Although Roger Moore played 007 in an overly lighthearted manner, the 1970s/80s Bond films do boast a sheer inventiveness that dazzles the senses. Moore's most celebrated outing as Bond was in the 1977 thriller The Spy Who Loved Me, in which the British agent traded in his Aston Martin for a white Lotus Esprit. The Bond girl in this film was also 007's antagonist, a more assertive (though still feminine) Russian spy dubbed "Triple-X"--her code name, not her rating.
For these images, Miss Olson appropriate portrays a far more overt sensuality, transforming from a double agent into a Double-D agent in this scorching dress, her buxom voluptuousness overspilling the slinky fabric, her luscious hips clearly visible. Though her heavy, blonde curls suggest doll-like girlishness, discerning secret agents will be able to take one look at this carnal vixen and know that she is bad. So very bad. But so irresistible as to make betraying one's king and country a negligible concern.
In this gorgeous black dress, with its scoop neckline promising voluptuous riches, Kelsey projects her steamiest sensuality, exuding a thrilling blend of babylike softness and minx-like allure. Not even the most intense MI6 training could endow a secret agent with the ability to resist caressing those soft blonde tresses.
In the final panel of the look book, SWAK's "director" offers an intriguing reminiscence about the origins of this campaign:
I've often wondered if we would ever see a curvier, more Rubenesque Bond Girl grace the screen. Till that happens, we've created our own – a soft, sensual icon of feminine beauty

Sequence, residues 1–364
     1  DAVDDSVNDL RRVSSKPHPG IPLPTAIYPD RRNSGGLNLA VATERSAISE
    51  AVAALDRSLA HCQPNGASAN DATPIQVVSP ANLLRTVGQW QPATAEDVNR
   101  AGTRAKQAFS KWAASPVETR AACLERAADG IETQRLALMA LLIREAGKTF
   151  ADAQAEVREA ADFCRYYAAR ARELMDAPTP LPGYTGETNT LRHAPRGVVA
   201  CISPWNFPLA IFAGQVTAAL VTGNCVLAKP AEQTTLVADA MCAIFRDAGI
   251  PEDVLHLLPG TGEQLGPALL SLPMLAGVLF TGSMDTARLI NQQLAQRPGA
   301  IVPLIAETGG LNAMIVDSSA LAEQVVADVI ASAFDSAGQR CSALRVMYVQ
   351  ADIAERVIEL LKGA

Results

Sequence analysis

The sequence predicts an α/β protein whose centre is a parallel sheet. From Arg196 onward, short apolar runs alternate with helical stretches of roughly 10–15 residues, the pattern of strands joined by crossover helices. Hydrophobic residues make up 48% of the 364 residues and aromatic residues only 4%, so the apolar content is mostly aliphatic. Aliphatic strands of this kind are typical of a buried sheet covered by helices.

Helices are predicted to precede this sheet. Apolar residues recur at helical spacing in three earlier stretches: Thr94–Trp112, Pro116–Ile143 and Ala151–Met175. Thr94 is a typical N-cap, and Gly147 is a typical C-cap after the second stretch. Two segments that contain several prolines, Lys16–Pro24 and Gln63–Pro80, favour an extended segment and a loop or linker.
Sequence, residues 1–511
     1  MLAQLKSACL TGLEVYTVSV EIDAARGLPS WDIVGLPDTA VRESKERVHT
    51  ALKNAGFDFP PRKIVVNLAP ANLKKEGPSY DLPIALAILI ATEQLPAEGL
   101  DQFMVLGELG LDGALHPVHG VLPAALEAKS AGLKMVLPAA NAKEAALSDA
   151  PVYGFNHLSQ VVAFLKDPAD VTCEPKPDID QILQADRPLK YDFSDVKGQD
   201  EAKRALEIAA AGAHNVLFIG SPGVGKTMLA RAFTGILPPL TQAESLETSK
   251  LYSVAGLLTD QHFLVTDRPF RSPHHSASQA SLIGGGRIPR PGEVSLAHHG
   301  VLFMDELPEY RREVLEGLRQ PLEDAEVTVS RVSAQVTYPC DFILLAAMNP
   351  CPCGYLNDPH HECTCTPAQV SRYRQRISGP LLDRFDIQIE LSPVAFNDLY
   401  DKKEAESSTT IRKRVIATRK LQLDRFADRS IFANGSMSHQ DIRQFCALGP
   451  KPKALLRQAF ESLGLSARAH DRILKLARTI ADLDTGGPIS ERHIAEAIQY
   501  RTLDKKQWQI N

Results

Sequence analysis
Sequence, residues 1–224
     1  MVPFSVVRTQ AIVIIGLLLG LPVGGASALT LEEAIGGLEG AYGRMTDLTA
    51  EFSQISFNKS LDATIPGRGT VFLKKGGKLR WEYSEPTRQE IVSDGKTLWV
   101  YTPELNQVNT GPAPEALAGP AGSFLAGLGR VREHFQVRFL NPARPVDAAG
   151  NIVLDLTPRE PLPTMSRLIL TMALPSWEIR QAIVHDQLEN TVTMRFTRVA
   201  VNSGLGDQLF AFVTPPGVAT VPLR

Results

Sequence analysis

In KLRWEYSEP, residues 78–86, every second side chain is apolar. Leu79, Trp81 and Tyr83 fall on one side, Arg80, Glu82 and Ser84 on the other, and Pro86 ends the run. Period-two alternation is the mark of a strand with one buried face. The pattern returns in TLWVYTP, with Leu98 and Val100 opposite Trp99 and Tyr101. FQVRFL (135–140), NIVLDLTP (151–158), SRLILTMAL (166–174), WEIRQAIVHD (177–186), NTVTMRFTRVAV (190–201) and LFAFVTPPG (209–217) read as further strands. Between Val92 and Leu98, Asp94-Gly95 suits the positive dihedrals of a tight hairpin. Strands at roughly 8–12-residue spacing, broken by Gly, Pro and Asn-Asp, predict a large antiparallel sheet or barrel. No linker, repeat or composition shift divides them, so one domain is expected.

Indeed, Kelsey more perfectly embodies the archetype of the Bond Girl than any actress who has ever portrayed the role on film.
However, that final page also indicates that Sealed with a Kiss had a singular opportunity to make this promotion even more memorable than it already is:
Many thanks to Brittany who talked me out of painting Kelsey gold.
Oh, no! How could SWAK have suffered such a missed opportunity? The most iconic of all images in the entire 007 series is surely the unforgettable sight of Jill Masterson, the Bond Girl of Goldfinger,
killed by said film's antagonist by being painted head-to-foot in gold:
The mind reels at the thought of how unspeakably gorgeous Kelsey Olson--a "golden girl" par excellence--would have appeared in this richest of all makeup looks:
Alas, it wasn't to be.
Nevertheless, SWAK's latest look book is an astounding tour de force, demonstrating once again that plus-size goddesses surpass even the most celebrated beauties of the silver screen for sheer feminine allure.
Bravo to Michael Anthony Hermogeno for his cinematic photography, to Sealed with a Kiss for creating this visual marvel, and to Bond Girl Kelsey Olson: size celebration's secret weapon in its war against the modern world.
Click the images to view full size, and peruse the entire campaign at the SWAK site, linked below:
- "Lights, Camera, Fashion"